Kyle Terada-USA TODAY Sports
Background: September 13, 2020; Santa Clara, California, USA; San Francisco 49ers running back Raheem Mostert (31) runs the football past Arizona Cardinals middle linebacker Jordan Hicks (58) and outside linebacker De’Vondre Campbell (59) during the first quarter at Levi’s Stadium. Mandatory Credit: Kyle Terada
In a fast and furious 4th quarter, the Arizona Cardinals were able to overcome adverse air quality and empty stadium eeriness, plus an array of first-game mistakes to prevail on the road over the defending NFC Champion 49ers by the score of 24-20.
Here are the game highlights provided to us by NFL.com. If you want to follow along with me, let’s take it one play and one quarter at a time as we take a close look at the Cardinals’ performance.
Play 1: Cutback 10 yard run by Mostert on 1st and 10 from their own 45 yard line
49ers in a balanced set with twin WRs left and TE/FB stack to right.
Cardinals in their base 34 with Simmons at SAM, Hicks at MIKE, Campbell at WILL and Jones at BANDIT.
After the handoff, the flow is to the right to which all three of the Cardinals’ DI move toward and Jones gets pinned on the far edge by T Williams, leaving a giant cutback hole for Mostert. De’Vondre Campbell is sitting in the hole but gets caught a little too far to the flow side of the play and Mostert is able to bust through the middle for 10 yards—-taken down well by FS Jalen Thompson.
Adjustment: (1) DI should move a little toward the flow but not this much; (2) Jones can make a better attempt to get off his block; (3) Campbell can do a better job of anticipating the cutback and being in a position to square up on the RB.
Play 2: Pass for 12 yards from JG to Kittle on 3rd and 14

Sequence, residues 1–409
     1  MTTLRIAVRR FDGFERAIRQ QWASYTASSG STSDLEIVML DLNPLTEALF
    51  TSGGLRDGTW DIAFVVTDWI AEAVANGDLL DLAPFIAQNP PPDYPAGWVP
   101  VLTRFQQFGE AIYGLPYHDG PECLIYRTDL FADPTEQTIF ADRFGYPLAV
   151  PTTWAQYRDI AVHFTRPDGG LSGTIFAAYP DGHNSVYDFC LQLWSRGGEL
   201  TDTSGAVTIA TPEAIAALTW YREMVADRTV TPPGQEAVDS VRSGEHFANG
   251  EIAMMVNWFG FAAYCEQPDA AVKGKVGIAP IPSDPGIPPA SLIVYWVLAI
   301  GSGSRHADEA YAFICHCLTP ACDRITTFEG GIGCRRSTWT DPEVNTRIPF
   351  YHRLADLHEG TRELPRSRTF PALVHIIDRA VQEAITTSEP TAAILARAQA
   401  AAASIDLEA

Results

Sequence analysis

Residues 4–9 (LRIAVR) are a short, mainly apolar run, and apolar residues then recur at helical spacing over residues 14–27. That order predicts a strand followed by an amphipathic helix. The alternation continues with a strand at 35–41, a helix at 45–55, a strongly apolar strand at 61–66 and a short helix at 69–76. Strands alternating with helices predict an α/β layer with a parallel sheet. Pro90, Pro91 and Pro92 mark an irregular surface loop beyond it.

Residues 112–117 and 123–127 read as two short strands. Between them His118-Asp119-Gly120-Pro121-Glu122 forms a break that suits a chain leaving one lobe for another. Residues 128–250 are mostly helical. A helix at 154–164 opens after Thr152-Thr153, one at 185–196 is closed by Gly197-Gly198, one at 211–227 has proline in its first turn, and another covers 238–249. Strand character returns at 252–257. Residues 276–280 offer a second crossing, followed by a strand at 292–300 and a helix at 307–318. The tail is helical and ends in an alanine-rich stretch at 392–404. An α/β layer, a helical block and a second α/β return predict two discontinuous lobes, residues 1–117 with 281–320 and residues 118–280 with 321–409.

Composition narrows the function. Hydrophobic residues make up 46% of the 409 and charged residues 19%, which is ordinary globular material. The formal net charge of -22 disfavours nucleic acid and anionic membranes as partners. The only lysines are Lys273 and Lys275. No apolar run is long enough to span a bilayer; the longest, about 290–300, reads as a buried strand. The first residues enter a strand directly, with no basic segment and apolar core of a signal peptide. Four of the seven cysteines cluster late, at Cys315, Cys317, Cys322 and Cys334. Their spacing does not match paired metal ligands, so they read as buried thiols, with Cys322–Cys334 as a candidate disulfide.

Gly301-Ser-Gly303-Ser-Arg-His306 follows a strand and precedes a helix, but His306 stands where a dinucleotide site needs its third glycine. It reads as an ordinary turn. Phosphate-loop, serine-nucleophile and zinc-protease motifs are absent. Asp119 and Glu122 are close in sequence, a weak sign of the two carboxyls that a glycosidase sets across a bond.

SF: “trips left with Kittle flexed”—-RB + WR right
ARI: 3 man rush look with one blitzer in 2 pt. stance—-with Cover 2 zone behind.
It’s a very conservative and passive defensive look from the Cardinals. The outcome is predictable—-there is no pressure on JG—-Kittle is open over the middle and his 12 yard catch gets the 49ers in FG range.
Now—-on the bright side this was the first of 6 straight stops the Cardinals made on 3rd downs—-quite a nice change from the Cardinals worst in the NFL 3rd down conversion percentage from last year.
I was surprised the 49ers didn’t go for it on 4th and 2 and elected to try the long distance FG instead.
Adjustment—-the 3 man rush look has been largely unsuccessful under Joseph—-scrap it and take a more aggressive approach to pressuring the QB.
Play 3: 52 Yard FG by Gould
ARI: stacked the left side on line and got good push from 94-Allen and 97-Phillips (good arm/hand up to challenge the kick), the punt rusher 21-Peterson gets the edge but doesn’t plane out.
Adjustment: team needs a better effort from the edge rusher—-just by planing out here it could get the 49ers to speed up the kick next time and it could open up the rusher to the inside of Peterson on the next kick. Make the edge rush pressure felt.
Play 4: 76 Yard TD catch from JG to Mostert on 1st and 10 from SF own 24 yard line
SF: 2 RB flanked to each side of QB in shotgun, 1 WR left, TE/WR right
ARI: 3-4 base but with SS Budda Baker playing the edge opposite Jones at BANDIT—-Campbell stacked behind Baker at the SAM, Simmons at WILL, Hicks as MIKE—-CBs in press coverage with FS Banjo in deep middle
Note: this is the same RB option pass left play that the 49ers won on at home last year when the Cardinals ran Budda on a delayed blitz—-only then left the middle open when the FS covered the TE.
Adjustment: Simmons makes a classic rookie mistake on the play. The good news is that he understands it is his job to cover Mostert, and that he appears to know that the 49ers RB has an option to go opposite the coverage here—-but Simmons over-commits and guesses wrong that Mosert will run the out pass instead of the curl. Motsert sees Simmons has over-committed and takes the curl route instead. The other good news is that Simmons does not quit on the play and tries his best to chase Mostert. The same cannot be said of Patrick Peterson who makes an initial effort to chase Mostert but then quits on the play—-you teach your guys to never quit on a play because you never know what might happen—-the RB could trip or somehow lose control of the ball—-so I don’t want to hear “you’re hating on Pat P.” For a world class 4.3-4.4 speed athlete like Peterson to not make a stronger effort on this play is disappointing.
Chris Banjo at FS badly misplays the RAC—-safeties are called safeties because they are the last line of defense. He reacts late to the play and then takes too shallow of a pursuit angle. It’s too bad that Budda Baker wasn’t playing FS on this play because at most it would have been a 10-12 yard gain.